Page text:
Aquaculture comes to the classroom
The Florida Fish and Wildlife Conservation Commission (FWC) Marine Fisheries Enhancement Center has been working with school administrators, teachers and students to bring Aquaculture and Stock Enhancement Research into the classroom for more than two decades, according to an FWC news release.
The Aquaculture program is designed for students from fifth grade through college, and aims to teach students the basic principles of aquaculture, marine research and how stock enhancement plays a role in supporting Florida’s marine fisheries.
Over the past two years, the FWC has partnered with the Duke Energy Mariculture Center and the Coastal Conservation Association that provided hatchery-reared red drum fingerlings to several participating schools, along with the Energy and Marine Center in Pasco County, the release said.
Through the partnership, school classrooms participating in the Aquaculture program were provided with the fingerlings, starter feed and technical advice on how to raise the fingerlings. Information on system development and grant opportunities also are provided.
At the end of the school year, the fingerlings are harvested and transferred to another facility or returned to the FWC to be used for outreach and education exhibits.
Through the program, FWC biologists work with teachers to develop curriculum that meets Florida Sunshine State Standards and provides students the opportunity to design aquaculture (fish-raising) systems, perform daily animal husbandry (care) routines, and conduct research projects such as salinity tolerance tests, feed studies, and water quality/chemistry investigations, the release said.
Kali Christie, of Dade City, has been named to the fall Dean’s List at the University of Saint Mary, Leavenworth, Kansas.
Supervisor of Elections Brian E. Corley is now accepting applications for the Florida Supervisors of Elections (FSE) Scholarship.
Applications for the scholarship can be accessed online at PascoVotes.gov, and are due in the supervisor’s office by March 10.
The association will award four $1,200 scholarships statewide to a political science, public or business administration, or journalism/mass communications major.
Applicants must be registered Florida voters and have lived in the state for at least the preceding two years. Those applying also must be at least a junior in college.
Students must be enrolled or accepted as a full-time student in a senior college or university in Florida and have at least a C average or above for the previous year.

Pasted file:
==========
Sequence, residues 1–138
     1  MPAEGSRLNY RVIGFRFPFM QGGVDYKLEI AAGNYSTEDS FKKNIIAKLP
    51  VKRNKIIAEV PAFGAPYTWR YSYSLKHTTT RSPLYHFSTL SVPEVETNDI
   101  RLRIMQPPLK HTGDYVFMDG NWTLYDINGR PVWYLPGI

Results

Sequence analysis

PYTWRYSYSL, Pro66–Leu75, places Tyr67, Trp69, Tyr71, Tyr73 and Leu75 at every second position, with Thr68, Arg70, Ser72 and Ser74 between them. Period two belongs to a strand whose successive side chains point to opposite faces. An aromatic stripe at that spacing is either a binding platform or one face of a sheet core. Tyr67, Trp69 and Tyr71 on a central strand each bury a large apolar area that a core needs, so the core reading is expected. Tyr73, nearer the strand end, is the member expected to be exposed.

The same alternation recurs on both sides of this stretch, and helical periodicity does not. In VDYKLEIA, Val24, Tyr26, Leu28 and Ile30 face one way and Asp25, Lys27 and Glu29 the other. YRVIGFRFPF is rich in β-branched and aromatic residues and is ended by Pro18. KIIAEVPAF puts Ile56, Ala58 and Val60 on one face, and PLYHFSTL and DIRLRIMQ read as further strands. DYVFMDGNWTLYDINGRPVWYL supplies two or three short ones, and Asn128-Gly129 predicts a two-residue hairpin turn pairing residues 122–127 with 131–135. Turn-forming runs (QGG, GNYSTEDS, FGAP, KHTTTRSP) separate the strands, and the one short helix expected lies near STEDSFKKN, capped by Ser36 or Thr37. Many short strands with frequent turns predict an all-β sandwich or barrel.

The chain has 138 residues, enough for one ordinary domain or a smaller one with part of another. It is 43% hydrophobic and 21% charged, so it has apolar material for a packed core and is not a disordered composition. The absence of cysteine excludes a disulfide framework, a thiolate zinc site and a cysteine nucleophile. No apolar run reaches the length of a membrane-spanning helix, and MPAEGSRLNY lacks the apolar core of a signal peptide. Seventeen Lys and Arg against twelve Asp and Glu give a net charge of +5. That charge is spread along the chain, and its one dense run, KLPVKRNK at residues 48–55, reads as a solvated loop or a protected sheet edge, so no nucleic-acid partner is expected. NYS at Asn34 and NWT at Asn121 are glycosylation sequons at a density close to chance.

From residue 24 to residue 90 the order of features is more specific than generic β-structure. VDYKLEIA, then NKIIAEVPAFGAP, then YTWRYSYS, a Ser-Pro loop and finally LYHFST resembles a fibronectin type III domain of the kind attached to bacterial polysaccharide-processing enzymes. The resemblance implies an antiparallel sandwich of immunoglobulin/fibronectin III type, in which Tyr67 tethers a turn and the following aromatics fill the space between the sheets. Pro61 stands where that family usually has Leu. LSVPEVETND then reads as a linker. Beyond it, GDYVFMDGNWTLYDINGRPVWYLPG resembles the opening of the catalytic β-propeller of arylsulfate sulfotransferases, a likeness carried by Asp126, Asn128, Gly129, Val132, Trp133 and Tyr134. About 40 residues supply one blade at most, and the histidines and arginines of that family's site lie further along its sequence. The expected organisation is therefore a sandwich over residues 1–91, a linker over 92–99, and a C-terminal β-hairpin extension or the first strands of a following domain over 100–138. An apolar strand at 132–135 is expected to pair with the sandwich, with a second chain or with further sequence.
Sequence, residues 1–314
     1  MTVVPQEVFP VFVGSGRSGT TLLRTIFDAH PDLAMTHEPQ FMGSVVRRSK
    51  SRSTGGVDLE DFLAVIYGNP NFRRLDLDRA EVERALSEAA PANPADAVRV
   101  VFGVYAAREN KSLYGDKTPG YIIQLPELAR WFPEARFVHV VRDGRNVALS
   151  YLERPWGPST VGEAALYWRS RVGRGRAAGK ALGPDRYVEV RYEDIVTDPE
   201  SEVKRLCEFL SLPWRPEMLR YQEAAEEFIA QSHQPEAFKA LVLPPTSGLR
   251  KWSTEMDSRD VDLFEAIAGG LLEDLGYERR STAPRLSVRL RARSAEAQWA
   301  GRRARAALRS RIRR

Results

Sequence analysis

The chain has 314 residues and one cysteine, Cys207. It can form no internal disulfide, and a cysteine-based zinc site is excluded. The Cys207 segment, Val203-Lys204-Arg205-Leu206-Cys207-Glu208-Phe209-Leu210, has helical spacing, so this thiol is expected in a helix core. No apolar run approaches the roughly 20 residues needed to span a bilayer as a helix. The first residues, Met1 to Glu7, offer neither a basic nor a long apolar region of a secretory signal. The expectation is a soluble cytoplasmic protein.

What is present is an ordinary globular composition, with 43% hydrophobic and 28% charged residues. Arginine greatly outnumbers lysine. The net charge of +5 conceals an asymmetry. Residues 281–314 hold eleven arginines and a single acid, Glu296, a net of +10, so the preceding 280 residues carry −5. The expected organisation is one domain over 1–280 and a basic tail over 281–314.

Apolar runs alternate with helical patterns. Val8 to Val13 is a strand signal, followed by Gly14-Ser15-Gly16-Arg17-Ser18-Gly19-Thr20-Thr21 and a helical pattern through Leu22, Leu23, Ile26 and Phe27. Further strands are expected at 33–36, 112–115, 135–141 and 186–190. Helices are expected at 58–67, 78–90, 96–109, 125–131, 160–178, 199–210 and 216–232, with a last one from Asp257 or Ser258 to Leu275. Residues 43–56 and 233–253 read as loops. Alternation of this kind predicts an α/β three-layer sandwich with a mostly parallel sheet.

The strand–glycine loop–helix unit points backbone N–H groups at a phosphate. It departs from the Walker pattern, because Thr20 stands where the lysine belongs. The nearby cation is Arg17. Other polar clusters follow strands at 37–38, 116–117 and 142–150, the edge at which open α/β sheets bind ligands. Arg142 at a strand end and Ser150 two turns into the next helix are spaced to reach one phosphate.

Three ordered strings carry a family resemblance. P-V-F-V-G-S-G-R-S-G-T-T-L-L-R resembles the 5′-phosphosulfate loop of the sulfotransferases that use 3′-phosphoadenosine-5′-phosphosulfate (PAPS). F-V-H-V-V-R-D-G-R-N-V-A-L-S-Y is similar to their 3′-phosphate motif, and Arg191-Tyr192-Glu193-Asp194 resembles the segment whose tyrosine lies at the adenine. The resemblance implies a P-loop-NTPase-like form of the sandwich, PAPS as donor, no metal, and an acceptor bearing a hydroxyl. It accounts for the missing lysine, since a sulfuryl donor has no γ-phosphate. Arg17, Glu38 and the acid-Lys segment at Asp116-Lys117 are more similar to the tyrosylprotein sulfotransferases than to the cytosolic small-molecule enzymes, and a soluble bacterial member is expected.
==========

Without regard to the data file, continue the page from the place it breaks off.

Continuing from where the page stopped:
Additional requirements, guidelines, and eligibility information can be found at PascoVotes.gov by selecting the 2023 FSE Scholarship Application under “Noteworthy” on the homepage.
Applicants will be personally interviewed by Corley, who will then select one finalist from Pasco County for consideration by the FSE Scholarship Committee.
Financial aid tips
The Kentucky Higher Education Assistance Authority (KHEAA) offers these financial aid tips for students and their families:
- Net price calculators can be used to estimate college costs. Graduating high school students can get an idea of how much it may cost to attend a college or technical school by using the school’s net price calculator. The calculator gives families a clearer idea of expenses at each school, so they can compare, plan and save. Students and parents must enter information about the student’s academic record and the parents’ finances to get a net price estimate for the cost of attending a trade school, two-year community college or four-year school. Families should look at the net price, not the net cost. The net price is how much a family can expect to pay toward a student’s technical or college education, including loans.
- Know your school’s satisfactory academic progress standards. Satisfactory academic progress (SAP) is an important phrase in the language of student aid, according to KHEAA. The SAP comes into play after a student has taken college or technical school classes and is applying for student aid for the next school year. All colleges that award federal student aid must have SAP standards, which are based on three areas: GPA, pace and maximum time frame. The GPA students may vary by school, major and whether a student is pursuing an undergraduate or graduate degree. To meet the pace standard, students must pass a certain percentage of classes they take in a given period of time. Maximum time frame means students have to finish their degree within a given number of attempted credit hours.
KHEAA is a public nonprofit agency that helps to improve students’ access to college, by providing information about financial aid and financial literacy at no cost to students or parents.
For more information, visit KHEAA.com.